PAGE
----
So, the swamp's machine attacked a dirty lawyer and sentenced him to prison. Now, that lawyer has suddenly turned to saint because he wants to get out of jail by speaking against his own client—a president hated by the same swamp. Can a lawyer that the DOJ has worked so hard to imprison as a sleeze bag suddenly be deemed a credible witness without any ill motives? Connect the dots. The swamp always wants everything both ways.

The swamp is indeed ramping up the assault against Trump, but not because of any new position of strength; the swamp is on attack because the swamp is desperate. What we're about to see in the next two years will be Kavanaugh all over again, only this time it will push Trump to re-election, better than before.

Then we have the Brexitexit. Questions needs to be asked about what connections nay-voters in Parliament have to Brussels. British politics work differently from American. Prime Minister Chamberlain allowed Hitler to rise in power while Parliament kept Winston away. Once the feckless mess grew intolerable, the king had to intervene. After Winston won the war—with the help of some extremely profitable former colonies in America that the Britons claim they carelessly misplaced—the Britons ousted Winston after his warnings that Russia was a rising danger. No doubt many in Great Britain will forget their frustration with past attempts to unite Europe, or the recent attempt—the EU—in squandering British tax dollars on socialist promises to solve self-made problems, such as more recently seen in France.

One of the few wise prime ministers, Margret Thatcher, said, "The trouble with Socialism is that eventually you run out of other people's money." Now, the EU has run out of the Britons' money and "will allow" the Britons to stay in if they want—and some Britons are actually talking about staying in. The American way—which defeated the Nazis for the British—would be for British Parliament to pass its own terms first, giving the EU the ultimatum. If May wants to keep her job, she should tell Parliament, "Give me whatever terms you accept, then I will defend them before Brussels." But, that would require the strong spine of a cowgirl, not the tender skin of true gentlemen. There are many smart people in Great Britain, just not any that we can see from the decisions being made right now.

The way things look, America will need to come to the rescue of our British brothers yet again. Given America's improving situation, it looks like we'll be able.

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Encore of Revival: America, May 21, 2018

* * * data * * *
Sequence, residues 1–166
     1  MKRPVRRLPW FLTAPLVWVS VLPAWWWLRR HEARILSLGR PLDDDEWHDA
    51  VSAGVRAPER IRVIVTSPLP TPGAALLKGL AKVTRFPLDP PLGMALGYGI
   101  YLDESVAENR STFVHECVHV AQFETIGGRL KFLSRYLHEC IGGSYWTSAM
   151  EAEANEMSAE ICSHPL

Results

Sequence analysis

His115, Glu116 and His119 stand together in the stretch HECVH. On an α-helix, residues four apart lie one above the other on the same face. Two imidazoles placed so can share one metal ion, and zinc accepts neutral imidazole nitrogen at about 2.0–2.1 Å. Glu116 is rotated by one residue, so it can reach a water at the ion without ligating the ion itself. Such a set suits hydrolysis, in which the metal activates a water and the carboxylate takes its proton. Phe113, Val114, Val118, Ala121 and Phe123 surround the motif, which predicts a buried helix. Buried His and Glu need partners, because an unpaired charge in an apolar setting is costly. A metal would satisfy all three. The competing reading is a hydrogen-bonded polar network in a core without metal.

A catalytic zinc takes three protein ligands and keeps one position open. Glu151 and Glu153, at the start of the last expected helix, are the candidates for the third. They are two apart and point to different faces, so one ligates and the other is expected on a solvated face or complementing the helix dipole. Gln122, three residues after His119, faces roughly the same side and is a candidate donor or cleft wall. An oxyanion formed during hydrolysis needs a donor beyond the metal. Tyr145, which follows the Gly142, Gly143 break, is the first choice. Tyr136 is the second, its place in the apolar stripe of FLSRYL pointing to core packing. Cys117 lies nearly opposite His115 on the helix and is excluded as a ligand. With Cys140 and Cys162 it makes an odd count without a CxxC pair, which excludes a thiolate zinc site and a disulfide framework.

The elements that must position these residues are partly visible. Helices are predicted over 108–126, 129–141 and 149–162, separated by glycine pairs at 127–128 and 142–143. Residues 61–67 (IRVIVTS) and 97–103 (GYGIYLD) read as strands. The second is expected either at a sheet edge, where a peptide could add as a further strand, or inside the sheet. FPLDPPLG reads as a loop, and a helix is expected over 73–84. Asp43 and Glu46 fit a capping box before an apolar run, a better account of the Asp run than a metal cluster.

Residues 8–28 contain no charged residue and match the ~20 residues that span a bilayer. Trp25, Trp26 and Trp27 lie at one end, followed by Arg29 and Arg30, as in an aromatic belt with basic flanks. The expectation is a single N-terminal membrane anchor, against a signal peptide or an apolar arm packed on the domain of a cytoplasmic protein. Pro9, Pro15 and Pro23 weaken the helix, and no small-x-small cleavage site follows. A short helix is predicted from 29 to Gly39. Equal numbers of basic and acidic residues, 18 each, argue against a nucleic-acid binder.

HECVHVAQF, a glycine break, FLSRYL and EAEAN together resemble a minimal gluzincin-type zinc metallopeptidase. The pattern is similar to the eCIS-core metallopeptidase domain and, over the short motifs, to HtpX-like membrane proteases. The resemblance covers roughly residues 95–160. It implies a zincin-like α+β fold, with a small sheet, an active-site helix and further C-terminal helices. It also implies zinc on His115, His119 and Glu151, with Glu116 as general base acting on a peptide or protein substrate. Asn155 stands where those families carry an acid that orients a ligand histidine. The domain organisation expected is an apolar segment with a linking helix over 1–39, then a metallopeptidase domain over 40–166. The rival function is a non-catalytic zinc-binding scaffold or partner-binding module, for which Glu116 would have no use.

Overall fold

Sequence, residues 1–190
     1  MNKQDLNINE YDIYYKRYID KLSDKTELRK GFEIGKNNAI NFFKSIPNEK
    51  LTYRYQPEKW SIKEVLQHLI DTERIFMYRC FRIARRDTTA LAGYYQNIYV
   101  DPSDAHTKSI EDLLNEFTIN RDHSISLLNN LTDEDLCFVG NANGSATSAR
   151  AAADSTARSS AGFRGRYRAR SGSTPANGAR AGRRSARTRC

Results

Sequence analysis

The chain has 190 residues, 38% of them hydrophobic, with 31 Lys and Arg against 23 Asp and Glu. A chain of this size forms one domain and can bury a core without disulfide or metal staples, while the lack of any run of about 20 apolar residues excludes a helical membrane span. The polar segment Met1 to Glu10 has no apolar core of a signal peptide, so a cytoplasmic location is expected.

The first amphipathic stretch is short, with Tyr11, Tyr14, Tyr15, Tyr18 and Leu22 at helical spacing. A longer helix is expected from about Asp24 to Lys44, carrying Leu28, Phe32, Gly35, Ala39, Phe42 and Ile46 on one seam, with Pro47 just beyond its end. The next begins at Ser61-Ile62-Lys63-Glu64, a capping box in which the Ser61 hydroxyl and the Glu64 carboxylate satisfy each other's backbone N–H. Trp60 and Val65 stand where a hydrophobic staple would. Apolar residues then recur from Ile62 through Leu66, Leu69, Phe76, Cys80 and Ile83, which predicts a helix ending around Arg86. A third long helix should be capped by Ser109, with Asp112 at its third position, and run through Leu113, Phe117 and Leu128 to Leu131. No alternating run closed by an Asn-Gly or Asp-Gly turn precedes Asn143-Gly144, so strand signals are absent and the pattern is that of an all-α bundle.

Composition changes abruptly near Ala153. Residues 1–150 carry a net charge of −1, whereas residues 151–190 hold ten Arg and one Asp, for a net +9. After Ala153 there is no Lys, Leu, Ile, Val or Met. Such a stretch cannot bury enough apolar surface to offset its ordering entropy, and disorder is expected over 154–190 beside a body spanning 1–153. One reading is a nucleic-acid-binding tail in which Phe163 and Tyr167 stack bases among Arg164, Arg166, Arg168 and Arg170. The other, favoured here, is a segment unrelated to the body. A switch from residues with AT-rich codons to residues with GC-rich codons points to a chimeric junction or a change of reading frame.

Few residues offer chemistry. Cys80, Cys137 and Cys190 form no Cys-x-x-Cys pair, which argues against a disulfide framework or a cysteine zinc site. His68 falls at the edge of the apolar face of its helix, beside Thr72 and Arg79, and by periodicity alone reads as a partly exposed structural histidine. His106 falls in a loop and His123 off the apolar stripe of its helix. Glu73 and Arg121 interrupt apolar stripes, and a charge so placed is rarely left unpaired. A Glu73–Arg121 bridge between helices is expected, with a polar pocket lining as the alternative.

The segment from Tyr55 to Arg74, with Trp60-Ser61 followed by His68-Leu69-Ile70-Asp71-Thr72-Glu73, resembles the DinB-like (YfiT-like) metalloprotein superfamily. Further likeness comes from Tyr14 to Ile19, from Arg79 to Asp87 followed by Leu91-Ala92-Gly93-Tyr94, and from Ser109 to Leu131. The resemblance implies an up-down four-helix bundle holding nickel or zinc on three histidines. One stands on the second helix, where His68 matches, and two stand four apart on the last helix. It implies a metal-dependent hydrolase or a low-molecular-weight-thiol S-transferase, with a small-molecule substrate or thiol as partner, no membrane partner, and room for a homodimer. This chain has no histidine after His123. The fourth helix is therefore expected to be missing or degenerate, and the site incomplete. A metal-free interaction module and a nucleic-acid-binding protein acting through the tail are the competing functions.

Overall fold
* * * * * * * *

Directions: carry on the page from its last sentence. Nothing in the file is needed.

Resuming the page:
Call it a Shame of Thrones or a Game of Showns, but Mueller has shown his game to his own shame. By waiting as long as he has, Trump possesses the "political currency" to order the DOJ to investigate the Obama FBI. He couldn't have done that a year ago. But, by letting Mueller "mull" on, as it were, the Russianewsgategate "thing" has irritated everyone, even the Anti-Trumpists, for its lack of results, yet continued pursuit in what looks more and more like a ghost chase every day—now every hour.

Roger Stone says Trump might not run in the next term—if he gets his [twelve years worth of] work done in only four. With Democrats requiring 84 days to approve each of 300 Trump appointees, it's unlikely Trump will finish in four years, as Stone's hypothetical went. Michael Jordan said the same thing about himself year after year, that he might not play the following season—encouraging his opponents to get lazy. It's a ruse Trump opponents would be foolish to buy into. If the Democrats really wanted Trump to not run again, they would approve all his Senate appointees and build his wall in one vote. Then, it would be difficult for Trump to argue any need to stay, even with such "huge" results.

The Senate's vote on net neutrality is a necessary step. Internet needs some kind of regulation, even if to say that it needs no regulation, even if to protect it from anti-Capitalist corptocrats who donate to "Blue Dog Republicans". If Facebook and Google want to provide faster Internet then they can become their own Internet service providers. If Verizon wants to say which big, fat companies can "pay for lane" in the website rat race, then Verizon should provide that Internet service free of charge. But, as long as customers pay, those customers should get to decide the lanes. This is not to be decided by Verizon, AT&T, Facebook, Google, Apple, and other big, fat companies that have more money than many governments of the world. Capitalism does not infer that private companies should overrule human rights.